I Was Charged With a Crime: Should I Plead Not Guilty?
Criminal charges are almost always serious. While some offenses are misdemeanors, others are felonies. Misdemeanors often carry fewer penalties, while felonies have stronger punishments, depending on the crime. If you are charged with a crime, one of the first things that happens is a first appearance. The judge will tell you what you are charged with, and you will need to enter a plea. The plea you enter will make a difference in the way your case progresses. The plea you make could have a long-term impact on your life and the lives of your loved ones. It is advisable to talk to an experienced criminal defense attorney before you enter a plea.
North Carolina has various punishments for different crime convictions. The most serious of all crimes have the most severe penalties. The U.S. Supreme Court has ruled that the death penalty is only to be used for crimes that result in death, such as murder. Only about half the states have capital punishment in place. Capital punishment is a penalty for first-degree murder in North Carolina.
Charlotte DWI and Criminal Defense Lawyer Brad Smith answers the question “Should I ever plead guilty to a charge?”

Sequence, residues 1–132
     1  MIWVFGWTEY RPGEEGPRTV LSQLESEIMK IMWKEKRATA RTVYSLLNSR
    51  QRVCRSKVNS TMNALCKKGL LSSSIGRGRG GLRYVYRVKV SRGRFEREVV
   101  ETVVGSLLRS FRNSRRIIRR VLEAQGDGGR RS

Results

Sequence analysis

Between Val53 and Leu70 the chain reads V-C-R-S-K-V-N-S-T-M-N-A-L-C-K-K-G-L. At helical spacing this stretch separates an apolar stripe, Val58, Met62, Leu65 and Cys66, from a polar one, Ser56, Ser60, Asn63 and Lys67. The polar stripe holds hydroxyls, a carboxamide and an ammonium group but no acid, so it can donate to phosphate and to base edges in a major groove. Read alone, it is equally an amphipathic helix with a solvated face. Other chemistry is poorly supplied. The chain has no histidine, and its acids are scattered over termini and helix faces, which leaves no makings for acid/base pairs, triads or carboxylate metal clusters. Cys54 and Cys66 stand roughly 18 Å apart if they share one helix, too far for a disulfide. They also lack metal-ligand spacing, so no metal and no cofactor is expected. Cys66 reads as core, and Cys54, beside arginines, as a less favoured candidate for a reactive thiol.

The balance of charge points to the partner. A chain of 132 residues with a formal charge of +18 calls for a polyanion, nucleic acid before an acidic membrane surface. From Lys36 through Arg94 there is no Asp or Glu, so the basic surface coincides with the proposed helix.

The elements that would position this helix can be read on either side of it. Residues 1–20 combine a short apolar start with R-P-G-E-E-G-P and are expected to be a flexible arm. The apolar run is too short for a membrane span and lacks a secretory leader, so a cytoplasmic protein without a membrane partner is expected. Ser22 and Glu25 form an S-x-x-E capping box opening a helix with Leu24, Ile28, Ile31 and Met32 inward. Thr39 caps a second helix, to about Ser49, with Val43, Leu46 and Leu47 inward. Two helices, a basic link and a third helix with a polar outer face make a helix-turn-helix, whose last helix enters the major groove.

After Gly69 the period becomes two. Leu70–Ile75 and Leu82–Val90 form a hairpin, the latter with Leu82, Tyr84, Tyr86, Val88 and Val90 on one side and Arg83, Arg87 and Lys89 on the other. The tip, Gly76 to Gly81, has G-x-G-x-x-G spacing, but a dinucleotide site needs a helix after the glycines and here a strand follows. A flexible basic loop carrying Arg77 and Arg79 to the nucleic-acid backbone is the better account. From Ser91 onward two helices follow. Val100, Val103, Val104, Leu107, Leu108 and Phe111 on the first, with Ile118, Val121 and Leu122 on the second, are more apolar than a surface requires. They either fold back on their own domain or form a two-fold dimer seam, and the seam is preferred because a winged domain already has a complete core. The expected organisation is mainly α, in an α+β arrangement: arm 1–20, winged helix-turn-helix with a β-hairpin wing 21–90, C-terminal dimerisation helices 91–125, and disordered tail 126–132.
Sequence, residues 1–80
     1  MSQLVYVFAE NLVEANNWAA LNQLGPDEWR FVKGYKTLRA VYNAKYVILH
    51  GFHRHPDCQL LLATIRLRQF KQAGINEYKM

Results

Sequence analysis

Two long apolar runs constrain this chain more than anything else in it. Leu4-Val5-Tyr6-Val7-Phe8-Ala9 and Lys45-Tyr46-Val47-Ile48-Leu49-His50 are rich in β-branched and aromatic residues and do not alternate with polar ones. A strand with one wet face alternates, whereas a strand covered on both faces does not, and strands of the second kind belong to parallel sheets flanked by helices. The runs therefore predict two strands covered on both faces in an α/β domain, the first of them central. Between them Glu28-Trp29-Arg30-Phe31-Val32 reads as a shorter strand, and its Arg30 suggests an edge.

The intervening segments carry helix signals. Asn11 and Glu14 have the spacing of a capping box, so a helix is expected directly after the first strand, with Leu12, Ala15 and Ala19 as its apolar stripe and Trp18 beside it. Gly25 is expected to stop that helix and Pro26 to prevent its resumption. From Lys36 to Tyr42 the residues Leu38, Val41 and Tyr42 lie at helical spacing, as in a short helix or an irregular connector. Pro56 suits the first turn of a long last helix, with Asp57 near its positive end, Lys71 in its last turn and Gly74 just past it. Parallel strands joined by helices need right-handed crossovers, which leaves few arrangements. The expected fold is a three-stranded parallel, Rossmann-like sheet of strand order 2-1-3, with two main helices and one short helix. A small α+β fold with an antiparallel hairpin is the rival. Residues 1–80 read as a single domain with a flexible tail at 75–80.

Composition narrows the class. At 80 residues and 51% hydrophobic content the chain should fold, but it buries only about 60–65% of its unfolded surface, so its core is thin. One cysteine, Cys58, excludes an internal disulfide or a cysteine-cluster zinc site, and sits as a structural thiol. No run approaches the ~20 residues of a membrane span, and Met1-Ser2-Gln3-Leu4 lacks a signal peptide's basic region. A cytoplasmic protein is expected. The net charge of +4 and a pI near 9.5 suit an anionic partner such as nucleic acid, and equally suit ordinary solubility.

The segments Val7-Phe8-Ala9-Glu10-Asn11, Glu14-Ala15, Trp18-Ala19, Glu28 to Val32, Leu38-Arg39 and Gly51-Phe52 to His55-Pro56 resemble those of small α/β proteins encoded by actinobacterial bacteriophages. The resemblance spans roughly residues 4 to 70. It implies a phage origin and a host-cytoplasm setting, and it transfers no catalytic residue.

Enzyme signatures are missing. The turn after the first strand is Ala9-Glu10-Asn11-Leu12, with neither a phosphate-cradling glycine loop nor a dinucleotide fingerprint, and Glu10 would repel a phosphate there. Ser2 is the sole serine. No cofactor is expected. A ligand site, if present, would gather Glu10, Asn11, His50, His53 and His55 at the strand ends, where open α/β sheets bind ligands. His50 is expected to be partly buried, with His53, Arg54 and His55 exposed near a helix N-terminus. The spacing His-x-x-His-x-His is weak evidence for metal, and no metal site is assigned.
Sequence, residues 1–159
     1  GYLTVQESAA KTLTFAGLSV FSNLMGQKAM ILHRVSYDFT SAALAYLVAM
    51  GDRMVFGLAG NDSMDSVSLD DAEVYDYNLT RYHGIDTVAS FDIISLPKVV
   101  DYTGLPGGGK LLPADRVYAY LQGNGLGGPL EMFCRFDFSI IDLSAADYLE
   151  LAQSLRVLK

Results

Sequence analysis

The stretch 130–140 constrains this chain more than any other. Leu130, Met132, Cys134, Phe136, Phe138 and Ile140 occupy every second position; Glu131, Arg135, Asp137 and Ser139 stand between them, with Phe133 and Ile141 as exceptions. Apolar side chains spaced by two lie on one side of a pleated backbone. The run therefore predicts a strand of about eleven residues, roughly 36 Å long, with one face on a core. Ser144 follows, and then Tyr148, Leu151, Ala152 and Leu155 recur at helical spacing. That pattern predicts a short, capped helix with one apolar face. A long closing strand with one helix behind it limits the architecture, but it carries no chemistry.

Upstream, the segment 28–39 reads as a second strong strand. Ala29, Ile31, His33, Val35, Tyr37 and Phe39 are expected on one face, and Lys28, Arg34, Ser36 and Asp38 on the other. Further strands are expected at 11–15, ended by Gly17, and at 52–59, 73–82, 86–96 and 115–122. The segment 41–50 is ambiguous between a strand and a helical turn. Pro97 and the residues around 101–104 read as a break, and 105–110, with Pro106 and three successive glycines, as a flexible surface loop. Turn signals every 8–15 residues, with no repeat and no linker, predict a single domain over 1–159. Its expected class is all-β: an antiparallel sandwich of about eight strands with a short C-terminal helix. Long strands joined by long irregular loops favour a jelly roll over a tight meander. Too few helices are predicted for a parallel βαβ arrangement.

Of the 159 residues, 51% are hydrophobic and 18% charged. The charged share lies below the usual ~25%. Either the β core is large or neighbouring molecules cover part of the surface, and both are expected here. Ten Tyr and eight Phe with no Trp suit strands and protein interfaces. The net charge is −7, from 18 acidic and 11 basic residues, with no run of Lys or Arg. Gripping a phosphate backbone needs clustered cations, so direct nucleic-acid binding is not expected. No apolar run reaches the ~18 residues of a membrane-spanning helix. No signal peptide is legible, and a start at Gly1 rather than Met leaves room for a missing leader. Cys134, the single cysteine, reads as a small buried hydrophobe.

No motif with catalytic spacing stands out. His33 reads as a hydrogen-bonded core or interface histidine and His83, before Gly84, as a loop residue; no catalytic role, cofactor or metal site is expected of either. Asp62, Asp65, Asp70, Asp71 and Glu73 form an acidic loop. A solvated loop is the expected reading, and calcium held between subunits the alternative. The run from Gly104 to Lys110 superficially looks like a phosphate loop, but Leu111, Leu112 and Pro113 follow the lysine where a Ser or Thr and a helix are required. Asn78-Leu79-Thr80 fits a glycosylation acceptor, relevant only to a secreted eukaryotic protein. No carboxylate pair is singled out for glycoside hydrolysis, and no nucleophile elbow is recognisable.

An Arizona man executed Wednesday was denied access to information about drugs used during his execution. The man’s lawyers fought unsuccessfully to obtain information about the drugs and whether those conducting the execution had any experience using them.
The man—Joseph Rudolph Wood, III—was sedated at 1:57 p.m. after a stay of his execution entered by the 9th Circuit Court of Appeals was lifted by the U.S. Supreme Court. The stay had been entered to allow Wood’s lawyers additional time to explore the efficacy of drugs to be used in the execution. States like Arizona have shrouded the identity of drugs and their makers in secrecy after the United Kingdom and European Union imposed restrictions in 2010 and 2011 on the export of anesthetics used in executions.
The ban on exports led to a shortfall of pentobarbital and sodium thiopental—two drugs traditionally used in lethal injections—leading states conducting executions to seek out substitutes. One state—Oklahoma—used a new drug combination during the April 29 execution of 38-year-old Clayton Lockett. Lockett was declared unconscious ten minutes into his execution, but three minutes later he began breathing heavily, writhing, clenching his teeth and straining to lift his head off a pillow. That prompted prison officials to lower the blinds to prevent those in the viewing gallery from seeing what was happening. Lockett eventually died of a heart attack.
In the Arizona case, after being sedated, Wood continued breathing and began gasping and snorting, according to his lawyers. An emergency hearing was convened, and the Arizona State Supreme Court was actually hearing from Wood’s lawyers when Wood was declared dead—some two hours after the execution began. A spokesperson for the Arizona attorney general’s office who also witnessed the execution said Wood was only snoring. “It was quite peaceful,” the spokesperson said. “He just laid there.”